DAY 1: Beijing, China Beijing, China’s massive capital, has history stretching back 3000 years. Yet it’s known as much for its modern architecture as its ancient sites such as the grand Forbidden City complex, the imperial palace during the Ming and Qing dynasties. Nearby, the massive Tiananmen Square pedestrian plaza is the site of Mao Zedong’s mausoleum and the National Museum of China, displaying a vast collection of cultural relics. This week we will visit this city that eleven and one half million people call home and look at its past and where it is today.
DAY 2: The Forbidden City In 1404, the Emperor Yongle ordered that a new capital city be built in the location of Cambaluc, which he renamed Beijing. From 1404 until 1420, workers worked night and day to construct the fabulous new city.
Protected by massive walls, and lined with beautiful buildings, parks and streets, Beijing was among the most elaborate and comfortable cities in the world. Deep within Beijing was a smaller city, surrounded by walls and by a moat. This city was called the Forbidden City, and was the home of the Emperor and his family.
The Forbidden City consisted of thousands of acres and dozens of palaces, with many thousands of elaborately decorated rooms. This estate was rarely visited by anyone who was not a member of the royal family.
Later Ming emperors never left the city and rarely attended to their responsibilities, but instead opted to live out their lives in comfort within their forbidden city. This allowed corruption to enter the government without the knowledge of the emperors, and led to economic and civil problems within China and houses many of the treasures of past dynasties.
Today many tourists visit the Forbidden City and its many buildings. There is much to see! There are even decorated domed ceilings. The largest museum in Beijing is also found inside the palace of the Forbidden City. It is, perhaps, the best museum in China.
DAY 3: the Bird's Nest Olympic Stadium The Beijing National Stadium is one of the most imposing stadiums in the world. The people of Beijing renamed it “The Bird’s Nest” for the complex geometry of the outer façade.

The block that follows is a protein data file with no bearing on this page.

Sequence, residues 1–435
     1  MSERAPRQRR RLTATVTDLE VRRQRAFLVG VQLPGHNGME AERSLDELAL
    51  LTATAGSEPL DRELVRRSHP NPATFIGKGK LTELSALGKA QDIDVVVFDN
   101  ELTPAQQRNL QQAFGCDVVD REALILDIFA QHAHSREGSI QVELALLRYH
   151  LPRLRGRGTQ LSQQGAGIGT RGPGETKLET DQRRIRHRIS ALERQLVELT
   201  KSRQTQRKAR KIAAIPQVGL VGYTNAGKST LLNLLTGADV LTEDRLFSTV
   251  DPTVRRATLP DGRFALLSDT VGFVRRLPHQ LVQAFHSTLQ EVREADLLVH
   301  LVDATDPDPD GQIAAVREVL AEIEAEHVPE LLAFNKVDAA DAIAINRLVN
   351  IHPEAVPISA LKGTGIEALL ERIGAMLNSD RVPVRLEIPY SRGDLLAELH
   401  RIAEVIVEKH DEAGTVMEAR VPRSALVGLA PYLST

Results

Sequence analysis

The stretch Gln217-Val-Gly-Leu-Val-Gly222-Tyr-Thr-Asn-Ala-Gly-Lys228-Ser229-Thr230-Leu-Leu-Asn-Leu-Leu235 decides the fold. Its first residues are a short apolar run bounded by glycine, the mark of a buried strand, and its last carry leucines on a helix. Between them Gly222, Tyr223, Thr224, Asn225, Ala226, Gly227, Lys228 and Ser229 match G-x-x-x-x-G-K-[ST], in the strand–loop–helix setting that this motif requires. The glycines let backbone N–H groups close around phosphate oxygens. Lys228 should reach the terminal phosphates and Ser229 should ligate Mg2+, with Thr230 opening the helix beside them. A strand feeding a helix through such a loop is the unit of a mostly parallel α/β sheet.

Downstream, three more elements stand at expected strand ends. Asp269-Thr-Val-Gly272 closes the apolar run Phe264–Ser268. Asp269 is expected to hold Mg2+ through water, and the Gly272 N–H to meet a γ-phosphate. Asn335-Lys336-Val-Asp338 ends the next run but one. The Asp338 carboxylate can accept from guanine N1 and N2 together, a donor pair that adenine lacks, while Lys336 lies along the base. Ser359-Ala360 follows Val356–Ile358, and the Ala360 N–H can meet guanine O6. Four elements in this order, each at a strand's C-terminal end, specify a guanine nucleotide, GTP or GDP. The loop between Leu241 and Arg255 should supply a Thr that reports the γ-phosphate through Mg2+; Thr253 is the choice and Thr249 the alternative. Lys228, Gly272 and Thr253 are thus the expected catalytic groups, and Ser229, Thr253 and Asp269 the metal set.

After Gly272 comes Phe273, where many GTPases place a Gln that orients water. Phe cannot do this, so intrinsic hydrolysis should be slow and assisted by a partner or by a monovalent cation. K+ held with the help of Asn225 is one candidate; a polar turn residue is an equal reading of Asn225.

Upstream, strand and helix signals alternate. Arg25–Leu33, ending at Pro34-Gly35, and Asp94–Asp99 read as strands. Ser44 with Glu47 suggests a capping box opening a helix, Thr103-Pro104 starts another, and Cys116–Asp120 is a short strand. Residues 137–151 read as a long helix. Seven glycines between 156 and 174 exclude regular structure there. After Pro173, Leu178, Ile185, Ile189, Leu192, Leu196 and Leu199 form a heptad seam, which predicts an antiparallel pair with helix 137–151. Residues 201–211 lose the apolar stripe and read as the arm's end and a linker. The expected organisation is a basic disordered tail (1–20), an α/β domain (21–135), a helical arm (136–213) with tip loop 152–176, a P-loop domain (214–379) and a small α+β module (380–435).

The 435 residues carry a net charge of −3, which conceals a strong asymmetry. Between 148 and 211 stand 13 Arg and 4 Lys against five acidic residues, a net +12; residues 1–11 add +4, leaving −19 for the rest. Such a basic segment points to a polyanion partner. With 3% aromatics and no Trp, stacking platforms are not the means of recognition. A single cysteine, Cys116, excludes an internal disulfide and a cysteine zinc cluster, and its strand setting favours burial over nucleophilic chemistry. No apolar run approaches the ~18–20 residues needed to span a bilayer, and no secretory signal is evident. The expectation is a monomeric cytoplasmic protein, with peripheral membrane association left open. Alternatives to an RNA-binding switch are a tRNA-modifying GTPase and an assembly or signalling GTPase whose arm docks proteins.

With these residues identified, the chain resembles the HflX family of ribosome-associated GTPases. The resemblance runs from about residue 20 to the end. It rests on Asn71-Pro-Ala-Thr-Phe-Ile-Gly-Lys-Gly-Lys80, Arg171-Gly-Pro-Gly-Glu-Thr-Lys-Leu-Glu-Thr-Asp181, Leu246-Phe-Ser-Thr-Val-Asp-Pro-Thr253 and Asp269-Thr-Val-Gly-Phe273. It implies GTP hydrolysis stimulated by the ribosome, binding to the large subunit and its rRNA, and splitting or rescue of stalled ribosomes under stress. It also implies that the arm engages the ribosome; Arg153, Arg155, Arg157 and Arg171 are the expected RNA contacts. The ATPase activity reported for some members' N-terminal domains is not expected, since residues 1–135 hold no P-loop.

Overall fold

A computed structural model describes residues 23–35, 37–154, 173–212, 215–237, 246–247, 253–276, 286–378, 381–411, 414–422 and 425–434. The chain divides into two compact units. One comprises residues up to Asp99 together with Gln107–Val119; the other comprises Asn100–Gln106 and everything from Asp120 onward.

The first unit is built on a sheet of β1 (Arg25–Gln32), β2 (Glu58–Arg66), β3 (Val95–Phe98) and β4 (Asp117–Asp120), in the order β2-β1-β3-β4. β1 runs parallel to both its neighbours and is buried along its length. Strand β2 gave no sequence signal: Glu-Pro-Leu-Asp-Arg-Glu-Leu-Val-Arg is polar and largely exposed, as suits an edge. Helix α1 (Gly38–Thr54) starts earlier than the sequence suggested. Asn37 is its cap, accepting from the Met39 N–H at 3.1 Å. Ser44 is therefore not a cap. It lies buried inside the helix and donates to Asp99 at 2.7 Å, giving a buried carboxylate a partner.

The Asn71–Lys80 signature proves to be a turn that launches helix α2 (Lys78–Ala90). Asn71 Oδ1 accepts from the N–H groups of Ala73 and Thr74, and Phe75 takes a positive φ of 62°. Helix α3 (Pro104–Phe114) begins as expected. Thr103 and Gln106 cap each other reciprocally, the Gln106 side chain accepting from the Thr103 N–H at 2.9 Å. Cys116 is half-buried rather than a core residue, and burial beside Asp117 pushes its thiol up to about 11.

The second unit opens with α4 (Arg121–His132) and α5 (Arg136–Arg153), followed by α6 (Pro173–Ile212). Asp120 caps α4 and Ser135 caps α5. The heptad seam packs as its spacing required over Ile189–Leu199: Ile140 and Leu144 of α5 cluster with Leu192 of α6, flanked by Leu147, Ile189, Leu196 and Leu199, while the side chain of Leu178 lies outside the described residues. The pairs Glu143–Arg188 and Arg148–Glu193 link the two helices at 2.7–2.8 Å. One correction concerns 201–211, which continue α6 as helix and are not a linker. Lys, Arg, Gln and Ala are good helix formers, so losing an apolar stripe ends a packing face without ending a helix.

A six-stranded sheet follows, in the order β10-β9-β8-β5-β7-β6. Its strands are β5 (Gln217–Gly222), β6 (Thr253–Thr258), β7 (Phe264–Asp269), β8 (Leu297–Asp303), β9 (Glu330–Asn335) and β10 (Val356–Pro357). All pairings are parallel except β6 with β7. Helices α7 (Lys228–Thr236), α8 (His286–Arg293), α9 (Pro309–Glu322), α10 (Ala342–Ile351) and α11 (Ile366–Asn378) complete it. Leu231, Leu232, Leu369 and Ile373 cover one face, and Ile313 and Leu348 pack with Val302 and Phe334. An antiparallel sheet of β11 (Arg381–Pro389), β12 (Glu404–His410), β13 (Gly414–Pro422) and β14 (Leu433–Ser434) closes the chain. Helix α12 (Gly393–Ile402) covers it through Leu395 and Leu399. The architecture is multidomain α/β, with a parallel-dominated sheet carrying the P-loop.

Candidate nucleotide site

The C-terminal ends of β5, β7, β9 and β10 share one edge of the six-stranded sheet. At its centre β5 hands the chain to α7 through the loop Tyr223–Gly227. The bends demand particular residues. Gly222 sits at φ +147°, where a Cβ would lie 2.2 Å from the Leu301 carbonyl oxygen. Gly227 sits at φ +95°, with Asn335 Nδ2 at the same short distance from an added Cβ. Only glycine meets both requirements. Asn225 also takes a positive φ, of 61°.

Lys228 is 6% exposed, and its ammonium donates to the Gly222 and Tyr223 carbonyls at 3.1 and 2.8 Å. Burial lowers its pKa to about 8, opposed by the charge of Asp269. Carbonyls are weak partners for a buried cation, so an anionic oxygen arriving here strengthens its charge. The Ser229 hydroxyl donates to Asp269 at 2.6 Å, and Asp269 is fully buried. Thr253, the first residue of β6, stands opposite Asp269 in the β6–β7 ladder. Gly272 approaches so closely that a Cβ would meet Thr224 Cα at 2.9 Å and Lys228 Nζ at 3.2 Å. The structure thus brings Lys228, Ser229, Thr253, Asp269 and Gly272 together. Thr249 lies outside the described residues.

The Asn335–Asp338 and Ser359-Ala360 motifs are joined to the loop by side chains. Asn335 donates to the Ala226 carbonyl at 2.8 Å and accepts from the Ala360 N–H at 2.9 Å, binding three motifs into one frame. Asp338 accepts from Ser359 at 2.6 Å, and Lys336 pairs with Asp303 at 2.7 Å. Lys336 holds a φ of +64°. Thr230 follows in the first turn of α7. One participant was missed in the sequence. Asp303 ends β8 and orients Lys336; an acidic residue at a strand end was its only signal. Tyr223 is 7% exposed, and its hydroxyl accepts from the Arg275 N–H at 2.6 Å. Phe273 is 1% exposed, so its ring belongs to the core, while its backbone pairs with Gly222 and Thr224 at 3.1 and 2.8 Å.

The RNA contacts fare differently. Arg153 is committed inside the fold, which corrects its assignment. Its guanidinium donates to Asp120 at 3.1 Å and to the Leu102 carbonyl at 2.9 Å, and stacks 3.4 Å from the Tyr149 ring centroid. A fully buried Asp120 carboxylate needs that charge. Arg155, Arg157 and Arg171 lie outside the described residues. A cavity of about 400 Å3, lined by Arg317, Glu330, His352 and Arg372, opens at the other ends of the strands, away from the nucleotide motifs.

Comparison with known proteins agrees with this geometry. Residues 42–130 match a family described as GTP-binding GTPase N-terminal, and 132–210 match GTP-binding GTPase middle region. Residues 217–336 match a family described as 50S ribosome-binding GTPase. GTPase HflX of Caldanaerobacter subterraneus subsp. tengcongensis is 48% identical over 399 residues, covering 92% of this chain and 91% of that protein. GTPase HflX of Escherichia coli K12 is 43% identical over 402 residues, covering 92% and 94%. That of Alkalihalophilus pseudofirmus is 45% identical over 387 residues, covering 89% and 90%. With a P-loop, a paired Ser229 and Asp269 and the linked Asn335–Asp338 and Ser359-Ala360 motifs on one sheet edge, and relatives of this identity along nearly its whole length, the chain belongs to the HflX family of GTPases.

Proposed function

The stadium was built especially for the 2008 Olympic Games. It had a total spectator capacity of 91 000 but was reduced to 80 000 after the Olympic event.
The design came from the idea of a single thread wrapped round a ball. Layers of logical geometry give the appearance of randomness and an organic shape. Multiple pentagrams in the interlocking fabric of the elliptical structure are like the stars of the Chinese flag.
The Bird's Nest hosted the opening ceremony, athletic events, the soccer final and the closing ceremony of the 2008 Beijing Olympic Games, which took place from August 8 to August 24, 2008. It was also the venue for the 2008 Beijing Paralympics athletics and ceremonies from September 6 to September 17, 2008. The stadium continues to host international and domestic sporting events.
DAY 4: Modern Beijing There are thousands of historic buildings in Beijing, a city with over 3,000 years of history, and the cityscape is changing with each passing day. Today Beijing is also a very modern city with modern buildings pointing to the future. Let's look at some of the best known!
National Indoor Stadium
Beijing International Airport Terminal 3
National Aquatic Center - Water Cube
Beijing South Railway Station
National Center for the Performing Arts
Sci-tech Redevelopment Building
DAY 5: Pollution in Beijing No country in history has emerged as a major industrial power without creating a legacy of environmental damage that can take decades and big dollops of public wealth to undo.
Pollution in Beijing is horrible. On December 1st of this year, hundreds of factories were shut down by authorities and children were allowed to miss school on the third day of a heavy episode of pollution which shrouded Beijing. The thick blanket of smog was more than 25 times above health guidelines and covered a large swathe of northern China.
Parents on Chinese messaging app Wechat passed around images of the edges of their windows covered in sticky tape as they attempted to block the smog from entering their homes. The pollution also closed highways around the Chinese capital and caused scores of flights to be cancelled. Officials have vowed to fight a “war on pollution”, but it remains a major source of anger in Beijing which is regularly blanketed by smog.
Controlling pollution will continue to be major concern for Beijing as it seeks ways to solve the problem.